Keith Sheardown: You Might Be Training Them – But Are They Really Learning?

We are all conditioned to believe that our people will learn all that they need to know if they simply attend more training classes. We track our training budget. We measure classroom attendance and those “Smiley Sheets” that indicate that everyone thought the training class was a “5 out of 5”. And if the numbers increase we all feel good that our people are developing their skills – problem solved.

While there is certainly a role for formal classroom instruction, most of us will agree that the majority of what we have learned in our careers was learned “on the job”. There are many studies that show that more than 70% of the knowledge that we need to do our jobs is actually learned “informally”. (Source)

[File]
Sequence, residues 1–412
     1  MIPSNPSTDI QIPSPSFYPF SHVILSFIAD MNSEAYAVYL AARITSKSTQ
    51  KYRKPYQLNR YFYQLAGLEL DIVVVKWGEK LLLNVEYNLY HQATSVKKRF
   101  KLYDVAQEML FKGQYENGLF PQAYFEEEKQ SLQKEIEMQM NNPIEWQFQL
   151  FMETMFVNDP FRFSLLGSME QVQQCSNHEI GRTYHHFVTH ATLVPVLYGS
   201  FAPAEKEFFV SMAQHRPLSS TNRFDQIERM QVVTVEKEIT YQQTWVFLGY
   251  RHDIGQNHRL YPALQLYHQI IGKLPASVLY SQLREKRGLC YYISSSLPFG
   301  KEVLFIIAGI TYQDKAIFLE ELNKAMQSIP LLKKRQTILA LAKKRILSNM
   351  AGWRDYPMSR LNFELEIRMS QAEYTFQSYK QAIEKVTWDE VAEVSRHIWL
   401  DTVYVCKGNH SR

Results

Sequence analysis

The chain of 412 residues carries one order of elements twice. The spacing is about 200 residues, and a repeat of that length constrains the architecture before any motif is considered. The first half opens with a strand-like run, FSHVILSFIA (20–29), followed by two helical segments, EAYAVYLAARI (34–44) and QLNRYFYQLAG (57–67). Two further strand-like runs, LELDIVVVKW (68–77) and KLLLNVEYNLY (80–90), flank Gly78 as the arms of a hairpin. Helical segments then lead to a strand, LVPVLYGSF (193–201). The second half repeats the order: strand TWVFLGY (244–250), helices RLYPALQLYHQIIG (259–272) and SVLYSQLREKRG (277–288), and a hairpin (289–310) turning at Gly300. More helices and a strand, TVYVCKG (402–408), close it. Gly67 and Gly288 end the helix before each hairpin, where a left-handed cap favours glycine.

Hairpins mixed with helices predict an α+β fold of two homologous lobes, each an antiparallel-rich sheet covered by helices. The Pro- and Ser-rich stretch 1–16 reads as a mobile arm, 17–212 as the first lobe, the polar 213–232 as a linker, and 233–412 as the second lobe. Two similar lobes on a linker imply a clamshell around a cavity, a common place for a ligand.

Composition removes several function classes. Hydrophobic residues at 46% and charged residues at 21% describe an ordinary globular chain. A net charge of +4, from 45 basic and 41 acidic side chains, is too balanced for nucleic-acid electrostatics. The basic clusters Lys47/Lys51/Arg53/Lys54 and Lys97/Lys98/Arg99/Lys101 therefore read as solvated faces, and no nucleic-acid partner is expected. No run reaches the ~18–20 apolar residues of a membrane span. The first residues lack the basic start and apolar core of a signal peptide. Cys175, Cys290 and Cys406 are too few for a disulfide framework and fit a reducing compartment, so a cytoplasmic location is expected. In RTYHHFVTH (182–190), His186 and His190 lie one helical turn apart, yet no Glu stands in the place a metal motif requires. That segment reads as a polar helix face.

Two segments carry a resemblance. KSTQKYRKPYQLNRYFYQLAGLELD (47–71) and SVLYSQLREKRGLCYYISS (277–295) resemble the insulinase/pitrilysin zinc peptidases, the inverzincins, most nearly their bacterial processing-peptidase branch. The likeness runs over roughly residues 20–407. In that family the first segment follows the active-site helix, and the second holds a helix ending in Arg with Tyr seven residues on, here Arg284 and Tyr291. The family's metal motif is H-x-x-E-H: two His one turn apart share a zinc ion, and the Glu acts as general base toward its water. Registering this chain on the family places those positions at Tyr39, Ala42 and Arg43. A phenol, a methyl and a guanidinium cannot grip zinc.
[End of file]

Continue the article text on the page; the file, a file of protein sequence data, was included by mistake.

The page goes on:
Informal learning takes many forms. Asking questions of our Supervisor, our peers, and the recognized experts in our organization. Searching through those rather thick and (often times) obsolete procedure binders, looking through technical manuals, or even emailing (or Tweeting) dozens of people in search of answers to simple questions. We even learn a lot by making mistakes. These are self guided quests for knowledge and they actually form the foundation to how your people learn to do their job.

But have you ever stopped to consider what your strategy is to develop better tools to help your people learn informally? Have you looked at what investments you have made to actually improve informal learning in your organization? Have you ever considered the cost of not having informal learning tools and resources? Are they really learning?

According to McKinsey, your people spend 20% of their work week looking for information. While this will certainly vary by role, and by the experience of the person involved, it is a cost that every organization faces.

Want to ask a simple question of your team that may get you some blank stares? Try this one:

“If our people mostly learn their craft on the job, how are we helping them learn the right stuff better, cheaper, and faster?”

You might learn a lot – no classroom required.